data analysis for mitm prevalence telemetry experiment



2 years ago
5 months ago


(Reporter: keeler, Assigned: harter)


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(I have no idea if this is the right component or not - it seemed close, at least.)

In bug 1311479 we developed and deployed a telemetry experiment to measure the prevalence of mitm boxes (and in particular if any used publicly-trusted roots to mint their certificates). Now that it's over, we'd like to analyze the data.

Data analysis plan:

The results received from the experiment should be of the form:

{ "errorCode": <some number, most likely 0>,
  "error": <a short error description, mostly likely the empty string "">,
  "chain": [
    <a list of:
      {  "sha256Fingerprint": <hash of a certificate as a hex string>,
         "isBuiltInRoot": <true if this is a publicly-trusted root certificate>,
         "signatureAlgorithm": <the algorithm used to sign the certificate>

We're expecting nearly every result to either look exactly like this:

{ "errorCode": 0,
  "error": "",
  "chain": [
    { "sha256Fingerprint": "197feaf3faa0f0ad637a89c97cb91336bfc114b6b3018203cbd9c3d10c7fa86c",
      "isBuiltInRoot": false,
      "signatureAlgorithm": "sha256WithRSAEncryption"
    { "sha256Fingerprint": "154c433c491929c5ef686e838e323664a00e6a0d822ccc958fb4dab03e49a08f",
      "isBuiltInRoot": false,
      "signatureAlgorithm": "sha256WithRSAEncryption"
    { "sha256Fingerprint": "4348a0e9444c78cb265e058d5e8944b4d84f9662bd26db257f8934a443c70161",
      "isBuiltInRoot": true,
      "signatureAlgorithm": "sha1WithRSAEncryption"

or to have different fingerprints but where the final certificate in the chain has "isBuiltInRoot" as false.

The #1 question we want to ask is if there are chains with different fingerprints and where the last certificate in the chain has "isBuiltInRoot" as true (and if so, what are the hashes, and what signature algorithms were used in the chain?).

Other than that, we probably just want general statistics on how often we got a non-zero error code or error string, or how often the chain fingerprints differed from the expected values.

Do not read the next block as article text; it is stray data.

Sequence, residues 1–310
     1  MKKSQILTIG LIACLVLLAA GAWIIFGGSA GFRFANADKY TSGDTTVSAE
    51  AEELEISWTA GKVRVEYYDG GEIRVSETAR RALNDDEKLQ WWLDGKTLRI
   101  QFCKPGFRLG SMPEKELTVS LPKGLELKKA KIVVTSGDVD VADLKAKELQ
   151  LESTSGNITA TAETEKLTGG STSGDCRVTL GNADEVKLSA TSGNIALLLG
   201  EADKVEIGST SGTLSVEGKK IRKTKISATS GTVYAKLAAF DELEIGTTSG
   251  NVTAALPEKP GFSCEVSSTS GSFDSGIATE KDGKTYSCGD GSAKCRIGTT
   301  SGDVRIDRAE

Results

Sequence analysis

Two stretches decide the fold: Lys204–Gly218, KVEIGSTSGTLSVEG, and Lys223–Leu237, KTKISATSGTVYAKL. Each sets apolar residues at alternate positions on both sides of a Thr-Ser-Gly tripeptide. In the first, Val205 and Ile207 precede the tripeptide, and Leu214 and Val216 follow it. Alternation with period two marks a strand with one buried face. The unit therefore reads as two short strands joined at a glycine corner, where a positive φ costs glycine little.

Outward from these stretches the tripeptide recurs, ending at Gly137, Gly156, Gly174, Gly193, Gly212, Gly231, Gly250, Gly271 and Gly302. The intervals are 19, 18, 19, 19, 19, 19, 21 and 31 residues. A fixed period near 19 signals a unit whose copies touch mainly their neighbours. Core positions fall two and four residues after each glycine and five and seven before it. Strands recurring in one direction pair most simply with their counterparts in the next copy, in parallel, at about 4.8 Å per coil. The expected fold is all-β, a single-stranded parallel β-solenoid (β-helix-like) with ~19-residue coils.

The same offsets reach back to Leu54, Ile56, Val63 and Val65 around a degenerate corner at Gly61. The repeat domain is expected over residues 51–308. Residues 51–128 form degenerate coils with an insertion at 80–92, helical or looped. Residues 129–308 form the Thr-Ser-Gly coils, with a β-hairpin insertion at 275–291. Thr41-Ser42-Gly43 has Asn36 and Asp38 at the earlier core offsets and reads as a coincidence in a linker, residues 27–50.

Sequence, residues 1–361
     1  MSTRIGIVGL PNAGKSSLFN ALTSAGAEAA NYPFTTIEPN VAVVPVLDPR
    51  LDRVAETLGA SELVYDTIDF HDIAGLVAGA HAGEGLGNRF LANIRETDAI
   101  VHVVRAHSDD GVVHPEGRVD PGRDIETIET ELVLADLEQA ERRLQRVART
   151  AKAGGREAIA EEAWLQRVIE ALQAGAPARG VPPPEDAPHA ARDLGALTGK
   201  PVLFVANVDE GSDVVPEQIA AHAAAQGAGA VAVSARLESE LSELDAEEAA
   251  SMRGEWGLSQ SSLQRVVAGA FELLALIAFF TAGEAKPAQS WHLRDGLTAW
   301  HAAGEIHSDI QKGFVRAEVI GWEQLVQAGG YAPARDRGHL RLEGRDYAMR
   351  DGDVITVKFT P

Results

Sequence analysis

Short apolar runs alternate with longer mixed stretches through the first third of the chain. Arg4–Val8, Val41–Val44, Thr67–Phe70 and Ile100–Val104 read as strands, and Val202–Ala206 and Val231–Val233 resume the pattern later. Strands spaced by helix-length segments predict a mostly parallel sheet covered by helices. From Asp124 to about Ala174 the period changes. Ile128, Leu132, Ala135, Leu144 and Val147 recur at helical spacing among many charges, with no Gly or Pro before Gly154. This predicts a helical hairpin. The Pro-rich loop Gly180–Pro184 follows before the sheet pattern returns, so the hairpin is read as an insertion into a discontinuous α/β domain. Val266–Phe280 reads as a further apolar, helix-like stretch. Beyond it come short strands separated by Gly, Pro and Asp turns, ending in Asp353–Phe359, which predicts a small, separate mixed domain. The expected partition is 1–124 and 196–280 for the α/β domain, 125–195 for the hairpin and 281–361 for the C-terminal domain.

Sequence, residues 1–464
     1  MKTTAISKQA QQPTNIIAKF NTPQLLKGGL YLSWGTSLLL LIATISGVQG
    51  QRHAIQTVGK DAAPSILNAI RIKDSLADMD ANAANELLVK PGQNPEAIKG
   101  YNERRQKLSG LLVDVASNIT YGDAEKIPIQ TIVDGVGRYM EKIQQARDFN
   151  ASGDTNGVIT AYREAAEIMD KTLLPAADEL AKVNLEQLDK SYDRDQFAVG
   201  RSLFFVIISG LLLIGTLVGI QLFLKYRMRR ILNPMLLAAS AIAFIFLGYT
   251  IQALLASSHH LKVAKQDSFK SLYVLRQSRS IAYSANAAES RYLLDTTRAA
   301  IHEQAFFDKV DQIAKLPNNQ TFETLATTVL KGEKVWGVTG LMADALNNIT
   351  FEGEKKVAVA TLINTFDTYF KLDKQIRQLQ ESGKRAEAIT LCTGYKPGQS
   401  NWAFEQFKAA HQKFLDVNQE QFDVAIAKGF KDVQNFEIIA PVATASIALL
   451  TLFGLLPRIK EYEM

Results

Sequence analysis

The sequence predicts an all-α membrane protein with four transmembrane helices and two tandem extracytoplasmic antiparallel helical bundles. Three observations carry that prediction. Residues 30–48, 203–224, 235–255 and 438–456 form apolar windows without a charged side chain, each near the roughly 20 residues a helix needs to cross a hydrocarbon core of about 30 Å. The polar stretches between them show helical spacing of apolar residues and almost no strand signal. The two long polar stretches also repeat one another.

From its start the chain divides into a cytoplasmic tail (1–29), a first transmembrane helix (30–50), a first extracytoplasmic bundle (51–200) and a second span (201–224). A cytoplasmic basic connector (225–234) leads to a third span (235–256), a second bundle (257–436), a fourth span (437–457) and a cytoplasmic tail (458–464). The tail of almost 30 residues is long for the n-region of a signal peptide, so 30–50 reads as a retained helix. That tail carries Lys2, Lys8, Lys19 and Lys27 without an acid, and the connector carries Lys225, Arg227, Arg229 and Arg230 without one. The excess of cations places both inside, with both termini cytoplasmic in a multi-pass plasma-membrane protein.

(JC - anything I've forgotten?)

I don't know if the data analysis tools support this sort of thing, but my plan was basically to make a big hash set and put each result in the set (and count duplicates). From there, it would be easy to make passes over the set and pull out the data we were interested in.

Ryan Harter is going to assist with this.
Blocks: 1311479
Group: metrics-private
Component: Other → Metrics: Pipeline
Priority: -- → P1
Product: Data & BI Services Team → Cloud Services
QA Contact: mpressman
Assignee: nobody → rharter

Comment 2

2 years ago
Hey All, I'm taking a look at this now.

Comment 3

2 years ago
Hey All. I put together this Jupyter notebook [0], which gathers all of the pings associated with your experiment.

Here's some documentation [1] on how to use our Jupyter notebook / Spark interface for analysis. Can you take a first pass at analyzing your data? I'm happy to answer questions as you go. 

Flags: needinfo?(dkeeler)

Comment 4

2 years ago
I just changed the link to the example Jupyter notebook to the following:
Thanks! We're exploring the tools a bit now.
Flags: needinfo?(dkeeler)
On this dataset, we've confirmed that we can disable SHA-1 for non-built-in-roots without breaking updates. One analysis dataset is here:

The final dataset was:

{'isAccum': True,
 'rooterrors': Counter({'0f993c8aef97baaf5687140ed59ad1821bb4afacf0aa9a58b5d57a338a3afbcb -12276': 1,
          '4348a0e9444c78cb265e058d5e8944b4d84f9662bd26db257f8934a443c70161 0': 2822178,
          '687fa451382278fff0c8b11f8d43d576671c6eb2bceab413fb83d965d06d2ff2 -12276': 22,
          '73c176434f1bc6d5adf45b0e76e727287c8de57616c1e6e6141a2b2cbc7d8e4c -12276': 1,
          'c3846bf24b9e93ca64274c0ec67c1ecc5e024ffcacd2d74019350e81fe546ae4 -12276': 1,
          'ff856a2d251dcd88d36656f450126798cfabaade40799c722de4d2b5db36a73a -12276': 1}),
 'total_errors': Counter({-16381: 1,
          -16379: 11,
          -16378: 1,
          -12276: 53,
          -12173: 1,
          -8191: 1,
          -8179: 299,
          -8162: 14,
          -8061: 351,
          -8016: 28}),
 'total_roots': Counter({u'0f993c8aef97baaf5687140ed59ad1821bb4afacf0aa9a58b5d57a338a3afbcb': 1,
          u'4348a0e9444c78cb265e058d5e8944b4d84f9662bd26db257f8934a443c70161': 2822178,
          u'687fa451382278fff0c8b11f8d43d576671c6eb2bceab413fb83d965d06d2ff2': 22,
          u'73c176434f1bc6d5adf45b0e76e727287c8de57616c1e6e6141a2b2cbc7d8e4c': 1,
          u'c3846bf24b9e93ca64274c0ec67c1ecc5e024ffcacd2d74019350e81fe546ae4': 1,
          u'ff856a2d251dcd88d36656f450126798cfabaade40799c722de4d2b5db36a73a': 1})}

This means the only instances of having an errorCode=0 (successful connection) are for the legitimate root. The MITM-esque situations are all combined with SSL_ERROR_BAD_CERT_DOMAIN (code -12276). Other errors are small and normal-seeming, too:

Looks like we can close this now.
Last Resolved: 2 years ago
Resolution: --- → FIXED


5 months ago
Product: Cloud Services → Cloud Services Graveyard
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